We have just returned from the memorial service for Abbie Anderegg (brother Jim's widow) out in Tucson, AZ. The service was truly a celebration of her life. All four children, two of the three grandchildren, David, and I were in attendance. Brother Richard had come to see Abbie a few months ago when his wife was in better health. Unfortunately, Abbie probably was not certain of who he was.
It was noted during one of our meals together that David was the patriarch of that gathering. That reminder made me think of a phrase which my great grandmother, grandmother, and mother were all fond of. They would say, "You are now of an age" to do whatever the new task at hand was. That memory made me think that, indeed, it was appropriate that we make every effort to celebrate the passing of each of our generation.
That is important because it is one of our dwindling opportunities for passing to the next generations an oral history of our generation. During the meals together, we were able to share stories of our generation to the next generation and their children. Those experiences reminded me of when I was growing up when family members would gather to break bread together and afterwards to hear the generation ahead of relate stories of their youth.
Another aspect of those gatherings is the ability to celebrate the Salvation we share with them through the Lord Jesus Christ. Because of that sharing, we can celebrate their life on this earth and their victory over death because of Jesus' sacrifice for us. Having known people who died without that assurance, I am struck by the contrast between their memorials and those of believers.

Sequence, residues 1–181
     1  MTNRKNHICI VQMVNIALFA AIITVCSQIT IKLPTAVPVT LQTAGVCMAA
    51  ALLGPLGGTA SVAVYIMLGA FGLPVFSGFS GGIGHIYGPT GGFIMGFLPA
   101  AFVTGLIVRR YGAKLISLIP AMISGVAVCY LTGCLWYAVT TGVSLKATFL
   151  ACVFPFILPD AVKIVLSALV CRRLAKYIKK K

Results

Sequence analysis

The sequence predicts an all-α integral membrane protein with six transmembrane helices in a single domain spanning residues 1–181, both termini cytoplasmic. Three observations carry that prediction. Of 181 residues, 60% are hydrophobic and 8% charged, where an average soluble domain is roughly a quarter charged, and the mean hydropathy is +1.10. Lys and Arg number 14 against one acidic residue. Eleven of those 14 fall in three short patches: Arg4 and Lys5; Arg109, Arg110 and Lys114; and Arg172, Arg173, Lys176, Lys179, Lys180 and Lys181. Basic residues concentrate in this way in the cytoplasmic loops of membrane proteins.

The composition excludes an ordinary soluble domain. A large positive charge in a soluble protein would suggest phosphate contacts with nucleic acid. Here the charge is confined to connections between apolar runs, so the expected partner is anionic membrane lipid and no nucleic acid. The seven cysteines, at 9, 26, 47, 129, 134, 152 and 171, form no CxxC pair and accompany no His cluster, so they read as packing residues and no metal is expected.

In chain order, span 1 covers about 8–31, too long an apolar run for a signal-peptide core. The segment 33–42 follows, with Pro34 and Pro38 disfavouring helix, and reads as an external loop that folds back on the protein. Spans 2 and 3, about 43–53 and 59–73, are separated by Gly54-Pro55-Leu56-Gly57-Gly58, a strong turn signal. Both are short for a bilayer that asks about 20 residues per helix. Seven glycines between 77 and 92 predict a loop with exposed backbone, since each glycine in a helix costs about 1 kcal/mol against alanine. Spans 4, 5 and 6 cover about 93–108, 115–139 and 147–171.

That brought back a memory of Josh's preschool years. We had taken Josh to VA to meet my grandmother in her last year of life. He had heard stories of her beautiful blue eyes which had closed due to ptosis when she was in her early sixties. When Josh met her, she was blind, almost deaf, and partially paralyzed from a stroke. Despite that, she was cheerful and funny.
When we got the news of her death, I wondered how to break the news to him. I started by reminding him of his meeting her. He contributed the things he remembered from that meeting. Then, I said, "I'm glad you got to meet her but I'm sorry to tell you but Granncie has died."
His reaction was unexpected and one I think I shall never forget. "Hot dog!" he said. "Now, she has her new body and she can see and hear and she can go anywhere she wants to without Miss Katherine's help!"
I was so taken aback! He had grasped the reality that death of the body is a victory if we know Jesus. He knew, as only a child can, that we were being selfish in our tears because we were thinking--not of her but--of ourselves and the loss we were experiencing.
Dad and I are "of an age" to be able to celebrate that victory for those we love and for ourselves. God is still in control. Our salvation through Jesus supercedes all other events and the separation from our loved ones is only temporary. We will rejoin them in worship of our God in what, in the face of eternity, is a short time.
Love and blessings to all of you! We pray you will celebrate when we come of that age to go to be with Jesus.